In June 2017, Humanities Texas will partner with the Center for the Study of the Southwest and the Wittliff Collections at Texas State University, and the Center for Public History at the University of Houston to hold two teacher institutes focused on the Texas literary tradition.
One institute will take place on the Texas State University campus from June 6–9, 2017. A second institute will take place on the University of Houston campus from June 20–23, 2017.
Each institute will focus on topics and skills central to the state's eleventh-grade ELA curriculum. Topics to be addressed include the regional literary traditions that have shaped Texas writing; Texas fiction, poetry, memoir, and journalism; and how Texas has been portrayed in not only literature but also visual art, music, television, and film.
As in past years, the institutes will emphasize close interaction with scholars and writers and the examination of primary texts. Faculty presentations will provide resources and strategies for helping students to become better readers of fiction, poetry, and expository prose, while also addressing the critical reading skills necessary for success at the post-secondary level.
National Book Award finalist John Phillip Santos (The University of Texas at San Antonio) will deliver the keynote presentation at the San Marcos institute. The keynote speaker at the Houston institute will be Nicolás Kanellos, director of Recovering the U.S. Hispanic Literary Heritage of the United States program at the University of Houston.
The San Marcos institute faculty includes Steve Davis and Jason Mellard of Texas State University; Adriane Bezusko, John Morán González, and Coleman Hutchison of The University of Texas at Austin; Norma Cantú (Trinity University); Cary Clack (formerly of the San Antonio Express-News); Nan Cuba (Our Lady of the Lake University); Alison Macor; Emmy Pérez (The University of Texas Rio Grande Valley); and Ron Tyler (formerly of the Amon Carter Museum of American Art). Distinguished writers Elizabeth Crook and Stephen Harrigan will also participate in the program.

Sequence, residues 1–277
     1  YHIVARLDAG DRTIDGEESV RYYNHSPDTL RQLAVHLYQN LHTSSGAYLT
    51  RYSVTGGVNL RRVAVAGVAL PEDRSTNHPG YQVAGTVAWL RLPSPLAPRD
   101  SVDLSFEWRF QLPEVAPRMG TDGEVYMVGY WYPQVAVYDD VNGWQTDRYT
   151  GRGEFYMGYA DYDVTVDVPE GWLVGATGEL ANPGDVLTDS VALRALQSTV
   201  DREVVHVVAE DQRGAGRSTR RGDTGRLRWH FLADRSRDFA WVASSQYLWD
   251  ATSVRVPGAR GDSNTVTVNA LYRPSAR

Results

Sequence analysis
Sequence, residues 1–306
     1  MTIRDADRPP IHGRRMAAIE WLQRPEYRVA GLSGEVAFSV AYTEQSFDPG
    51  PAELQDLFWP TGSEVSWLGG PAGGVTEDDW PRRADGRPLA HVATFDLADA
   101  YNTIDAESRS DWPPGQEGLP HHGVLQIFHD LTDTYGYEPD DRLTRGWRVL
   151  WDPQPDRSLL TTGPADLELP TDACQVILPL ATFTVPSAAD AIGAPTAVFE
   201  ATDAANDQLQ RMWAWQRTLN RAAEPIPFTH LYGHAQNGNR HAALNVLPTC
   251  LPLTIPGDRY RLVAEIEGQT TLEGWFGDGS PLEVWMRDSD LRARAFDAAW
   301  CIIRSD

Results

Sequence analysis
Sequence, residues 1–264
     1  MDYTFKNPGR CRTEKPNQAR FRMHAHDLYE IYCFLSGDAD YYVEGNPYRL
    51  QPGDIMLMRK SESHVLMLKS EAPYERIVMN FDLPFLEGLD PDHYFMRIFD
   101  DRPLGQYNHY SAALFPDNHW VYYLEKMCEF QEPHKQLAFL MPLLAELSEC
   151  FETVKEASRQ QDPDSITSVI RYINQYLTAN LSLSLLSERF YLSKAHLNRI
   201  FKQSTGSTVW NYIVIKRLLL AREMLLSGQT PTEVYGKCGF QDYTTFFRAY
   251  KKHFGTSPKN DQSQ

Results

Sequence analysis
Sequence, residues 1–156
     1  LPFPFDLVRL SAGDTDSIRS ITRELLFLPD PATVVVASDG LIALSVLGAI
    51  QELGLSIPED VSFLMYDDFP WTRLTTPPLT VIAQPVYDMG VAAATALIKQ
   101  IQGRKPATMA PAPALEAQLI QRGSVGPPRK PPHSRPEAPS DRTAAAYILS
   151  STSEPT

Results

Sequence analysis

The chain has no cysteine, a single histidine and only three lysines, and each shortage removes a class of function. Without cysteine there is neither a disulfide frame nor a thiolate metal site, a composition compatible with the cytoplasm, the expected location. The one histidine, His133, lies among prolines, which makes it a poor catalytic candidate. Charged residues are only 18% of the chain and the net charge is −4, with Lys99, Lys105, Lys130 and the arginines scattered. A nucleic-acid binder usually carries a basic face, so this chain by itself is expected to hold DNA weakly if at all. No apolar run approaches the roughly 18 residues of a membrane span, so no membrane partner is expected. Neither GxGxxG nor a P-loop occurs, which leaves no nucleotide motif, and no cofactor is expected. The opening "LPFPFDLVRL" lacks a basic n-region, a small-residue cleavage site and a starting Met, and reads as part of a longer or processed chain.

The Houston institute faculty features Mariá C. González of the University of Houston; Adriane Bezusko, Don Graham, and Coleman Hutchison of The University of Texas at Austin; Jan Jarboe Russell (Texas Monthly); Ron Tyler (formerly of the Amon Carter Museum of American Art); Emmy Pérez (The University of Texas Rio Grande Valley); Roger Wood (Houston Community College); Steve Davis (Texas State University); Nan Cuba (Our Lady of the Lake University); and Javier Rodríguez (University of North Texas). Pérez and Gwendolyn Zepeda, Houston's first poet laureate, will read from and discuss their work with teachers during the program.
The institutes are open to secondary-level language arts and humanities teachers in Texas schools. Priority consideration will be given to early-career teachers in low-performing schools and districts.
The institutes are free to teachers and their schools. Participants will receive a $200 stipend, as well as CPE credit and a wealth of curricular materials. Stipends and CPE hours will be adjusted if a participant misses any portion of the program.
On-campus housing is available to out-of-town teachers at no cost. Teachers traveling to the institute from out of town will be reimbursed for approved travel costs up to $300. Eligible expenses include use of a personal automobile, air travel, airport parking, and taxi fares. Meals and lodging are not reimbursable. Reimbursement rates are set by the State of Texas. Itemized receipts are required for all costs excluding gas. Please review the Humanities Texas travel policy for program participants for more information.
Participants are responsible for making their own travel arrangements to and from the program. Please note that Humanities Texas’s maximum reimbursement for total travel expenses is $300, even if the participant’s actual expenses exceed $300.
Complete the online application. Please apply as soon as possible, as registration will occur on a rolling basis and space is limited.
The institute is made possible with major funding from the State of Texas, with ongoing support from the National Endowment for the Humanities.